The AICPA held its 2019 conference on Current SEC and PCAOB Developments in Washington D.C. from December 9-11. The Conference provided insight and perspective related to financial reporting and trends impacting the accounting, auditing, financial reporting and other matters.
Throughout the three-day conference, trending topics dominated the discussions including: critical audit matters (CAMs); auditor independence; new FASB standards on revenue recognition, leases and credit losses; non-GAAP measures; interest rate reform; cybersecurity; and audit quality. The overarching theme throughout each discussion was the impact of technology on the accounting, reporting and auditing profession.
In this article, we are going to take a deeper dive into interest rate reform.
In his address, SEC Chairman Jay Clayton and SEC Chief Accountant Sagar Teotia discussed interest rate reform, with LIBOR expected to go away in 2021. They indicated that the transition is expected to be difficult and cautioned registrants that “the risks associated with this expected discontinuation and transition will be exacerbated if the work necessary to effect an orderly transition to an alternative reference rate is not completed in a timely manner.” Mr. Clayton encouraged companies to begin assessing their risks associated with rate reform and adjust contracts accordingly.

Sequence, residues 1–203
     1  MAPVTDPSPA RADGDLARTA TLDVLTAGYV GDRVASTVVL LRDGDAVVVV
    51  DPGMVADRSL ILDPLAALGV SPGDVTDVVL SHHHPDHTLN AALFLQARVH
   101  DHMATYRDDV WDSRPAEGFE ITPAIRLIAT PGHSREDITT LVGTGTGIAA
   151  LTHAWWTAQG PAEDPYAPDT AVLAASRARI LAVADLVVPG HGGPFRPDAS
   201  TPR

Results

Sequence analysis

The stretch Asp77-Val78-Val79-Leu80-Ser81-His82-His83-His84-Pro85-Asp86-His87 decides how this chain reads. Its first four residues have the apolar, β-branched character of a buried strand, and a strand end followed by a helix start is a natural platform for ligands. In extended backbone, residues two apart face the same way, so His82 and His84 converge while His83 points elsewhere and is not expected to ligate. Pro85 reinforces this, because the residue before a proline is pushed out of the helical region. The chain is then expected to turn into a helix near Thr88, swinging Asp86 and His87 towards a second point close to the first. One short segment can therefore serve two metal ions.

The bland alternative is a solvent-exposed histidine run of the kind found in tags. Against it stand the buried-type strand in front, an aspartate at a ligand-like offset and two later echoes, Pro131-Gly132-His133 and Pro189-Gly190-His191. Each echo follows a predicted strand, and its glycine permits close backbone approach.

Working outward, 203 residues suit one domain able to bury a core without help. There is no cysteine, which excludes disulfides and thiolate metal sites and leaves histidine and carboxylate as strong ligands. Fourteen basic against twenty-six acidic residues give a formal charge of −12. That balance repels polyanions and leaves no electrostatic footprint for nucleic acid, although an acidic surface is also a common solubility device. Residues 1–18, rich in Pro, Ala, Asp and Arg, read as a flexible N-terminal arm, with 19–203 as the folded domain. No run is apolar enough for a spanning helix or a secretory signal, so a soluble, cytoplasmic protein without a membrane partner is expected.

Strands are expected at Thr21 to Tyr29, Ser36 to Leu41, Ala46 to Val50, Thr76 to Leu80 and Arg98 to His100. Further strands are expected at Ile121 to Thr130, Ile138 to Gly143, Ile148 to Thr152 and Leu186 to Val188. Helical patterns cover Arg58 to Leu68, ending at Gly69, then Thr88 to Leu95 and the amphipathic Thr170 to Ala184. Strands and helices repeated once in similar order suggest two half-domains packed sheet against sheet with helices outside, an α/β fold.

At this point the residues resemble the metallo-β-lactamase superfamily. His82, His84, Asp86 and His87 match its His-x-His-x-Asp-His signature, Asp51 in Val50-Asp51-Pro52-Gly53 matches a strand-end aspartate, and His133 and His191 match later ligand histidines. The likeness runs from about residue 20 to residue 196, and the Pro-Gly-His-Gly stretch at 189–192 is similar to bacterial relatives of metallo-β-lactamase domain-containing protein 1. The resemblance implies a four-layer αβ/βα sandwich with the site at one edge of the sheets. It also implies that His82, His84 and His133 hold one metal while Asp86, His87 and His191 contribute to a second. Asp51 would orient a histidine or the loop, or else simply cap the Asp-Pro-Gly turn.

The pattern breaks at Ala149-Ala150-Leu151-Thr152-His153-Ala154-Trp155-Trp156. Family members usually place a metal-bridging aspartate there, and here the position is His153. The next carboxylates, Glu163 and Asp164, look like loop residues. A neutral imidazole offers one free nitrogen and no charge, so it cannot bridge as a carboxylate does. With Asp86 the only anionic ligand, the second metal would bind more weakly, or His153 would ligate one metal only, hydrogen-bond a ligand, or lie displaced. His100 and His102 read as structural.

Additionally, representatives from the Office of the Chief Accountant (OCA) gave an update on their activities related to reference rate reform as it pertains to hedging activities, specifically cash flow hedges. The OCA discussed how the transition away from LIBOR would impact the assessment of hedge effectiveness of a cash flow hedge of LIBOR-based debt. The OCA referenced the FASB’s proposed ASU that would provide for optional guidance for a limited time allowing companies to change to another reference rate while not impacting the status of the hedging instrument.
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Material discussed is meant for informational purposes only, and it is not to be construed as investment, tax, or legal advice. Please note that individual situations can vary. Therefore, this information should be relied upon when coordinated with individual professional advice.